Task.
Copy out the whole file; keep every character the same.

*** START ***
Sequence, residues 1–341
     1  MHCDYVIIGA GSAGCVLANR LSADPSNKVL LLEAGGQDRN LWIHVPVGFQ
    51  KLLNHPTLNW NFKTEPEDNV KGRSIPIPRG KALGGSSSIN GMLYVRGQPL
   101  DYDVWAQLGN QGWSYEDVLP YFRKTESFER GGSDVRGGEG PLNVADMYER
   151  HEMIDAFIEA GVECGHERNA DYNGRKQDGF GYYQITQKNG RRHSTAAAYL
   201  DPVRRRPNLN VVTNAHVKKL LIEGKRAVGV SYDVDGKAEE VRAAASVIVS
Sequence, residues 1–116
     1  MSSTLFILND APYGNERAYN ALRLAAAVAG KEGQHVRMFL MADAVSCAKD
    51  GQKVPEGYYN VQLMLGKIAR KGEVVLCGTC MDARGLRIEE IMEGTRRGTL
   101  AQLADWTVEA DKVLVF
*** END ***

Sequence, residues 1–341
     1  MHCDYVIIGA GSAGCVLANR LSADPSNKVL LLEAGGQDRN LWIHVPVGFQ
    51  KLLNHPTLNW NFKTEPEDNV KGRSIPIPRG KALGGSSSIN GMLYVRGQPL
   101  DYDVWAQLGN QGWSYEDVLP YFRKTESFER GGSDVRGGEG PLNVADMYER
   151  HEMIDAFIEA GVECGHERNA DYNGRKQDGF GYYQITQKNG RRHSTAAAYL
   201  DPVRRRPNLN VVTNAHVKKL LIEGKRAVGV SYDVDGKAEE VRAAASVIVS
Sequence, residues 1–116
     1  MSSTLFILND APYGNERAYN ALRLAAAVAG KEGQHVRMFL MADAVSCAKD
    51  GQKVPEGYYN VQLMLGKIAR KGEVVLCGTC MDARGLRIEE IMEGTRRGTL
   101  AQLADWTVEA DKVLVF